Criticism of Montgomery Watt, Dermenghem, and Sūrūsh’s Opinions About the Introversive Revelation of the Prophet of Islam (s)


1 Assistant Professor, department of Comparative Studies of Qur’ān, Higher Education Complex of Qur’ān and Traditions, Al-Mustafa International University, Qom, Iran

2 Assistant Professor, department of Arabic Language and Literature, Complex of Language, Literature, and Culture Studies, Al-Mustafa International University, Qom, Iran


Revelation, “the divine message to the prophets in order to guide people,” is the base and pillar of divine religions and the most precious, heavenly gem in the lap of earth residents, and it has an unbreakable connection with the nature and destiny of humans. Through the expansion of research studying Islam in the West in recent centuries, the hypothesis wherein adoption of some Qur’ānic contents from earlier religious and literary texts was an arena for the studies of Orientalists. William Montgomery Watt and Dermenghem can be deemed as those Orientalists who have connected the common phenomenological view of the West about revelation to the theological view mostly originating from Christian theology. Elucidation of this issue is necessary so that the legitimacy of Islam and Qur’ānic revelation and its superiority over all divine religions could be proved. The article at hand is organized with using the descriptive-analytical method and a criticizing approach along with gathering and analyzing data. The findings of this study show that the Western researchers and Orientalists such as William Montgomery and Emile Dermenghem have put forward their opinions based on some principles including the impact of the character of the Prophet (s) on the form of revelation, fallibility of revelation and the Prophet (s), the presence of the element of human in Qur’ān, and so on; none of these is accepted by Shī’a thinkers, and they are in contrast to the religious thoughts of Islam. Each of these principles is faced with serious criticisms including the infallibility of Qur’ān; the harmony of religion with science in Islam; the perfect character of the Prophet (s) in receiving the revelation which matters, not his being a medium; lack of ambiguity and contradiction in Qur’ānic revelation; and so on.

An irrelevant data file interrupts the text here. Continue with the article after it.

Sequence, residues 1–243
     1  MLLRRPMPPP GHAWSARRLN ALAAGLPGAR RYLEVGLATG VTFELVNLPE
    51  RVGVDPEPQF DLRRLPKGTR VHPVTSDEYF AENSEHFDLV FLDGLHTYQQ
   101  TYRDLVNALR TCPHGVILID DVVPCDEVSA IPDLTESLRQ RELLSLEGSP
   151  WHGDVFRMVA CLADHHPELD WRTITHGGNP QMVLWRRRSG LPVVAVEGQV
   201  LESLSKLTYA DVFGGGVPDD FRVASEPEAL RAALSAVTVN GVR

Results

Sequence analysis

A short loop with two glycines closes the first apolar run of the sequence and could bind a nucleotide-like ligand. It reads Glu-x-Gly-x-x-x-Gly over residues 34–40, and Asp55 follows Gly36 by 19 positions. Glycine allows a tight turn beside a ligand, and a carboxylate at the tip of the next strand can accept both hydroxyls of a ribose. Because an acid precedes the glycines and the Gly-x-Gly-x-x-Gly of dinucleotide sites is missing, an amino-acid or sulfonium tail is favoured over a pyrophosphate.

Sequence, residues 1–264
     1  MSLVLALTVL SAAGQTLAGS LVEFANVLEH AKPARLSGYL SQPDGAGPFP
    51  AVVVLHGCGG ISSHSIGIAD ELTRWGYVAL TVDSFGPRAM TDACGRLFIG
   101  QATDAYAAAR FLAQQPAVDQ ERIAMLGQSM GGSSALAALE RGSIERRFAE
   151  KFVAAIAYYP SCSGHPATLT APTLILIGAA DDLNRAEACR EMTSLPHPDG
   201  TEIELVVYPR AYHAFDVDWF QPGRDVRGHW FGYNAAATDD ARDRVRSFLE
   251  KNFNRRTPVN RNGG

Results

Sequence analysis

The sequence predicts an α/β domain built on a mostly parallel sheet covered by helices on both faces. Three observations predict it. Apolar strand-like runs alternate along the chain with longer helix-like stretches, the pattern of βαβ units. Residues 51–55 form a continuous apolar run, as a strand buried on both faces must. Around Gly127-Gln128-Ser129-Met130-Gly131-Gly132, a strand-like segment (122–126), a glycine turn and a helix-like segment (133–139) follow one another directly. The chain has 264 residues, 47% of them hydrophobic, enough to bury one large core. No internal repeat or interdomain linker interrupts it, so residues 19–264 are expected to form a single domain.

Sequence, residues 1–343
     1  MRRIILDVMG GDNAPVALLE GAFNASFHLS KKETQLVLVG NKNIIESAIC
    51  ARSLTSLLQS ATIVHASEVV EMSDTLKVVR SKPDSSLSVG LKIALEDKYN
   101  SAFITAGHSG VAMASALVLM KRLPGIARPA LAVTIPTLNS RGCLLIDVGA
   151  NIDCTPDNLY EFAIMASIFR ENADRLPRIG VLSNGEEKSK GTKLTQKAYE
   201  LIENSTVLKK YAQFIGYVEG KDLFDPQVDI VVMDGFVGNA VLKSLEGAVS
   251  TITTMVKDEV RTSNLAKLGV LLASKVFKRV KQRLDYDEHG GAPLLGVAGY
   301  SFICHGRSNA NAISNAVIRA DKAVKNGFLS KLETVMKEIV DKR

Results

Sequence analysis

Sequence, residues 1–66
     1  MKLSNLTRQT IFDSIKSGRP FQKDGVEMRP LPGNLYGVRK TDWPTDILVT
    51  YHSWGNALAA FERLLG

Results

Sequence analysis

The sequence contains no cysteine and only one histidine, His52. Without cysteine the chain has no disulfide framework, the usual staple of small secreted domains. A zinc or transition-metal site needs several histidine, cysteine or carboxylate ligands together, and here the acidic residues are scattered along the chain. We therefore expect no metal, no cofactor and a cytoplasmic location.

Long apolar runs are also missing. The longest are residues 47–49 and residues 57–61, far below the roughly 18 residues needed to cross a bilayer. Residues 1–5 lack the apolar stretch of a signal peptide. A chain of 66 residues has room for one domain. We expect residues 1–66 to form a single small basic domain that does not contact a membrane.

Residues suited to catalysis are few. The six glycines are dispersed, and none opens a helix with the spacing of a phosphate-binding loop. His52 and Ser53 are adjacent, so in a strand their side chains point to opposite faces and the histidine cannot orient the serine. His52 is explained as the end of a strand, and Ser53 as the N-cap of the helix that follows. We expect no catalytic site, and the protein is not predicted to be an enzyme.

The noble Qur’ān
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